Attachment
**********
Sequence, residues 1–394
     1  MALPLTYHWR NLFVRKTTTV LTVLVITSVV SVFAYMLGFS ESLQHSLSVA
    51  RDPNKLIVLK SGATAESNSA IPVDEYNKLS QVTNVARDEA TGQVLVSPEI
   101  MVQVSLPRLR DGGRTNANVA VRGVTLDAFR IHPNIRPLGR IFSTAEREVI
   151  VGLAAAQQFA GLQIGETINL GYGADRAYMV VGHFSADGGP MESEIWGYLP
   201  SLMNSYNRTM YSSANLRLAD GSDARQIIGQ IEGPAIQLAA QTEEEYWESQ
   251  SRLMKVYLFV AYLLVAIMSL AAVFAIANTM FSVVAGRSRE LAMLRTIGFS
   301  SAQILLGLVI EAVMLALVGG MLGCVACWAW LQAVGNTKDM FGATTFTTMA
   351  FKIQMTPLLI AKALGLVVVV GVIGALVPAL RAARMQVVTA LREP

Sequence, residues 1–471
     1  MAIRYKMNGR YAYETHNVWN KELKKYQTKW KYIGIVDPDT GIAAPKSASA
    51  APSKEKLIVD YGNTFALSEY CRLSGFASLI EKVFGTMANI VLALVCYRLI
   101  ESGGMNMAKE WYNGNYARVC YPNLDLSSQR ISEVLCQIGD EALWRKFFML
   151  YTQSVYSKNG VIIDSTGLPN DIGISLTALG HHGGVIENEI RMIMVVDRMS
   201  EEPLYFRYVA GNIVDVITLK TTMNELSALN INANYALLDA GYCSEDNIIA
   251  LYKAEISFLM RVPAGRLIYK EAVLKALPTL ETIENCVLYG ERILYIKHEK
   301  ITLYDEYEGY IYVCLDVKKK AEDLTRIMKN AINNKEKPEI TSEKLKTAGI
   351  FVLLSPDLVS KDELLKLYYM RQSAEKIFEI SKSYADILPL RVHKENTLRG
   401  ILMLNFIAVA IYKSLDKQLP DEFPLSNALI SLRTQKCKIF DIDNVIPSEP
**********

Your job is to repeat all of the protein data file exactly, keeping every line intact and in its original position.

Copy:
Sequence, residues 1–394
     1  MALPLTYHWR NLFVRKTTTV LTVLVITSVV SVFAYMLGFS ESLQHSLSVA
    51  RDPNKLIVLK SGATAESNSA IPVDEYNKLS QVTNVARDEA TGQVLVSPEI
   101  MVQVSLPRLR DGGRTNANVA VRGVTLDAFR IHPNIRPLGR IFSTAEREVI
   151  VGLAAAQQFA GLQIGETINL GYGADRAYMV VGHFSADGGP MESEIWGYLP
   201  SLMNSYNRTM YSSANLRLAD GSDARQIIGQ IEGPAIQLAA QTEEEYWESQ
   251  SRLMKVYLFV AYLLVAIMSL AAVFAIANTM FSVVAGRSRE LAMLRTIGFS
   301  SAQILLGLVI EAVMLALVGG MLGCVACWAW LQAVGNTKDM FGATTFTTMA
   351  FKIQMTPLLI AKALGLVVVV GVIGALVPAL RAARMQVVTA LREP

Sequence, residues 1–471
     1  MAIRYKMNGR YAYETHNVWN KELKKYQTKW KYIGIVDPDT GIAAPKSASA
    51  APSKEKLIVD YGNTFALSEY CRLSGFASLI EKVFGTMANI VLALVCYRLI
   101  ESGGMNMAKE WYNGNYARVC YPNLDLSSQR ISEVLCQIGD EALWRKFFML
   151  YTQSVYSKNG VIIDSTGLPN DIGISLTALG HHGGVIENEI RMIMVVDRMS
   201  EEPLYFRYVA GNIVDVITLK TTMNELSALN INANYALLDA GYCSEDNIIA
   251  LYKAEISFLM RVPAGRLIYK EAVLKALPTL ETIENCVLYG ERILYIKHEK
   301  ITLYDEYEGY IYVCLDVKKK AEDLTRIMKN AINNKEKPEI TSEKLKTAGI
   351  FVLLSPDLVS KDELLKLYYM RQSAEKIFEI SKSYADILPL RVHKENTLRG
   401  ILMLNFIAVA IYKSLDKQLP DEFPLSNALI SLRTQKCKIF DIDNVIPSEP